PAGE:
In Escherichia coli, the exoribonuclease polynucleotide
phosphorylase (PNPase), the endoribonuclease RNase E, a DEAD-RNA
helicase and the glycolytic enzyme enolase are associated with
a high molecular weight complex, the degradosome. This complex
has an important role in processing and degradation of RNA.
Chloroplasts contain an exoribonuclease homologous to E.
coli PNPase. Size exclusion chromatography revealed that
chloroplast PNPase elutes as a 580–600 kDa complex,
suggesting that it can form an enzyme complex similar to the
E. coli degradosome. Biochemical and mass-spectrometric
analysis showed, however, that PNPase is the only protein
associated with the 580–600 kDa complex. Similarly, a
purified recombinant chloroplast PNPase also eluted as a
580–600 kDa complex after gel filtration chromatography.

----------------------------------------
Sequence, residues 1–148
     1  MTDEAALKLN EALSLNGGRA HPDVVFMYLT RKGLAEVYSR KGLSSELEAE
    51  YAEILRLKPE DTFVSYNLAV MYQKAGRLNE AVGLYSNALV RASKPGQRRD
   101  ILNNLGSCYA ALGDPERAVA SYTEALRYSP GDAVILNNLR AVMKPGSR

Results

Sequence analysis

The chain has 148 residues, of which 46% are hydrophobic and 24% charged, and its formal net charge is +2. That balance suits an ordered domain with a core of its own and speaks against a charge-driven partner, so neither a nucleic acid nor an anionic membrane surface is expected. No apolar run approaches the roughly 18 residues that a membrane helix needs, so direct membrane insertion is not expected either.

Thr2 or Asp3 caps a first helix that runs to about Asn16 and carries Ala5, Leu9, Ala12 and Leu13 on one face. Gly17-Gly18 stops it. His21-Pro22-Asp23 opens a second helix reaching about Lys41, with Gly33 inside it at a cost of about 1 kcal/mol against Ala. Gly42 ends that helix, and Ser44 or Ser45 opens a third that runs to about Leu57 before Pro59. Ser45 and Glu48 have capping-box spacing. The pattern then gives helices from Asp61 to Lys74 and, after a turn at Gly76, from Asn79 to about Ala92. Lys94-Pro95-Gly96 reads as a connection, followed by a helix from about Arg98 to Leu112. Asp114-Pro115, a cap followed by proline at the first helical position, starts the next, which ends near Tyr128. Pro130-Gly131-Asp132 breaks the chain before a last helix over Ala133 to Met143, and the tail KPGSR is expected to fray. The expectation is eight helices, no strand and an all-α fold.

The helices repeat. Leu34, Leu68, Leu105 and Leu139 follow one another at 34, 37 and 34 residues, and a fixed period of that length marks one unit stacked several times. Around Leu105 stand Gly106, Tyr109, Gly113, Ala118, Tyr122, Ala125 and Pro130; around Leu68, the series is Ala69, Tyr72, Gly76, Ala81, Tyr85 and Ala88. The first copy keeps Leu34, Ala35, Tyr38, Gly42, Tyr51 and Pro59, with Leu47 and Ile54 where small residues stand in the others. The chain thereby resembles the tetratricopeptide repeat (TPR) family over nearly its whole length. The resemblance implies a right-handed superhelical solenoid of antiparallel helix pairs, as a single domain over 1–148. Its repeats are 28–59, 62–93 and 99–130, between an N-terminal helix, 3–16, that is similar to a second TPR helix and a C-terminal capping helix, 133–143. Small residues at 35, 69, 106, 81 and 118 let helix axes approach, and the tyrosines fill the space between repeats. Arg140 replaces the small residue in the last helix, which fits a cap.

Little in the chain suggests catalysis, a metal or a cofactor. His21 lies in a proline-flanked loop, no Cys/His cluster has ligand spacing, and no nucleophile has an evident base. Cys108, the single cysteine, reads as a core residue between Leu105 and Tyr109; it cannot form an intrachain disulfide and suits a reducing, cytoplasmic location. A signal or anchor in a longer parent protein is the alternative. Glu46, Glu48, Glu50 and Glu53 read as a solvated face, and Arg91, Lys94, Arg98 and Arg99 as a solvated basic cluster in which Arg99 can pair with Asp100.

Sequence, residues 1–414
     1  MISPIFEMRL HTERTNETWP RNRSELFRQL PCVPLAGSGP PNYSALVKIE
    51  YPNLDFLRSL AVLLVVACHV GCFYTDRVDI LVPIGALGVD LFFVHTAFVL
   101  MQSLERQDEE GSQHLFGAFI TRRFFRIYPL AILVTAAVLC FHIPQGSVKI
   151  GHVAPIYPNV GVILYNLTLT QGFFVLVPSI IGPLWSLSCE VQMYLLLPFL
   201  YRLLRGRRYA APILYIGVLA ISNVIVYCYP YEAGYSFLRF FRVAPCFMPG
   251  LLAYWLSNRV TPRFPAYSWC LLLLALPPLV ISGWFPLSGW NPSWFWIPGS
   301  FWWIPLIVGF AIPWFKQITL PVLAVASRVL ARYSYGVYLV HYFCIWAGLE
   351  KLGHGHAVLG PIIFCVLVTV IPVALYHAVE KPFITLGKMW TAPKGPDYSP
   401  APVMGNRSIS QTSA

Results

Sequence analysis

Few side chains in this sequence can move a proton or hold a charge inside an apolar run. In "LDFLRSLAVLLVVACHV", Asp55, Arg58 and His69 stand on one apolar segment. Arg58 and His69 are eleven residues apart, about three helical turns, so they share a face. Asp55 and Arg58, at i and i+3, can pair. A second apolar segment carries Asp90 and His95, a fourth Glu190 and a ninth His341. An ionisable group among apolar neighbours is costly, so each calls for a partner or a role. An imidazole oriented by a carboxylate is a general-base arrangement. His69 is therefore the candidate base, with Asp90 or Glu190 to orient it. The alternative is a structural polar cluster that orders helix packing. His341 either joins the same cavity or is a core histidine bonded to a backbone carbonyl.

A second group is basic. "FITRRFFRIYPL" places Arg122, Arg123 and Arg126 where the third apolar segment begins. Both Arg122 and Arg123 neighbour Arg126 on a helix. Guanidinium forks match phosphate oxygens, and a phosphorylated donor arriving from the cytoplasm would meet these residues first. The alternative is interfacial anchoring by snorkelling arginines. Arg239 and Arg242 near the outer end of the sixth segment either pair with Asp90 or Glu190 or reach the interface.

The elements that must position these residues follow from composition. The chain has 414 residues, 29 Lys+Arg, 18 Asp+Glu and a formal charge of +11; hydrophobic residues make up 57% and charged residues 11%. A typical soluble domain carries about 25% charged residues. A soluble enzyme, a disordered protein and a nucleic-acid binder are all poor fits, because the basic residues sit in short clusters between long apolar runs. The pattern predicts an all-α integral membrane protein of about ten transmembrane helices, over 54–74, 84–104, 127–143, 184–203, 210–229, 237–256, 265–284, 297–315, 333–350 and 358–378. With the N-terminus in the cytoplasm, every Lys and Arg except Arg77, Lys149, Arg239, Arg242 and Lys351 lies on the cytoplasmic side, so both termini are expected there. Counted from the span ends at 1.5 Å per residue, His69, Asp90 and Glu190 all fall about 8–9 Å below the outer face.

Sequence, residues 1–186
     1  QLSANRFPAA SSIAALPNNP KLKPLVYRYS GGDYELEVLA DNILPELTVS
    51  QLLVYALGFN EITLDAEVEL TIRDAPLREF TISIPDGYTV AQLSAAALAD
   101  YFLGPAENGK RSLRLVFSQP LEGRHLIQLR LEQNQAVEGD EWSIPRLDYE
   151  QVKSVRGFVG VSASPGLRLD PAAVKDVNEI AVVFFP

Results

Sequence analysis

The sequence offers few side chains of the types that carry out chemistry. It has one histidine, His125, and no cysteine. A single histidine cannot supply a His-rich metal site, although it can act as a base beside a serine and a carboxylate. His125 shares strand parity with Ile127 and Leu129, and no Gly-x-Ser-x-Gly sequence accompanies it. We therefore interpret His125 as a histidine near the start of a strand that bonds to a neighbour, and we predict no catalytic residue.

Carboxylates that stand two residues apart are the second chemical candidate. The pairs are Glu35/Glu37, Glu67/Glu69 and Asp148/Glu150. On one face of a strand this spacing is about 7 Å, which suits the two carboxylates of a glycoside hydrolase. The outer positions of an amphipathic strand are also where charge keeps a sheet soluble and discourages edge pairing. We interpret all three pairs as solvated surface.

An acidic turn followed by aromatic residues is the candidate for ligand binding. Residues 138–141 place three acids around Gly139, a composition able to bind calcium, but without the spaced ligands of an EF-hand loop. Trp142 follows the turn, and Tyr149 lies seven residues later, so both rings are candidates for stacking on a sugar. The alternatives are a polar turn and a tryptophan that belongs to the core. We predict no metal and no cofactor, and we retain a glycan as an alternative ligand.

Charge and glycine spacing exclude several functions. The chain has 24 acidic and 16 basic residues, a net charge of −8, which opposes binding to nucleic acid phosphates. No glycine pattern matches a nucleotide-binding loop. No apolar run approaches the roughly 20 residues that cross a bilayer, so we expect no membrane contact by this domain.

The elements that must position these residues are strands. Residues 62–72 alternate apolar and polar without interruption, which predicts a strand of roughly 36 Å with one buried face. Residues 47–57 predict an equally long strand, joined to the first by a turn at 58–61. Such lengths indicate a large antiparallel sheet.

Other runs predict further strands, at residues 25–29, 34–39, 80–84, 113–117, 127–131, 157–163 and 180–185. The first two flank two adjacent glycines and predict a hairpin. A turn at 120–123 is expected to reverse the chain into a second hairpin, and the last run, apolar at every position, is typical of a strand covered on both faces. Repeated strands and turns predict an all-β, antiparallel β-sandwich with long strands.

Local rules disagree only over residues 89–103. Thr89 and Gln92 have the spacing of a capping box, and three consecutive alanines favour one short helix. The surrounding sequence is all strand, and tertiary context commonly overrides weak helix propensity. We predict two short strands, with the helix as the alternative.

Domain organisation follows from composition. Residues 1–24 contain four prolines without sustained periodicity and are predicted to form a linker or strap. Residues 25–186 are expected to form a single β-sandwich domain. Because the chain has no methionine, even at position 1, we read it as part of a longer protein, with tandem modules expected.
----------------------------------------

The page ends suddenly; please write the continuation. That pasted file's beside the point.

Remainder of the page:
These results suggest that chloroplast PNPase exists as a
homo-multimer complex. No other chloroplast proteins were found
to associate with chloroplast PNPase during affinity
chromatography. Database analysis of proteins homologous to
E. coli RNase E revealed that chloroplast and
cyanobacterial proteins lack the C-terminal domain of the E.
coli protein that is involved in assembly of the degradosome.
Together, our results suggest that PNPase does not form a
degradosome-like complex in the chloroplast. Thus, RNA processing
and degradation in this organelle differ in several respects
from those in E. coli.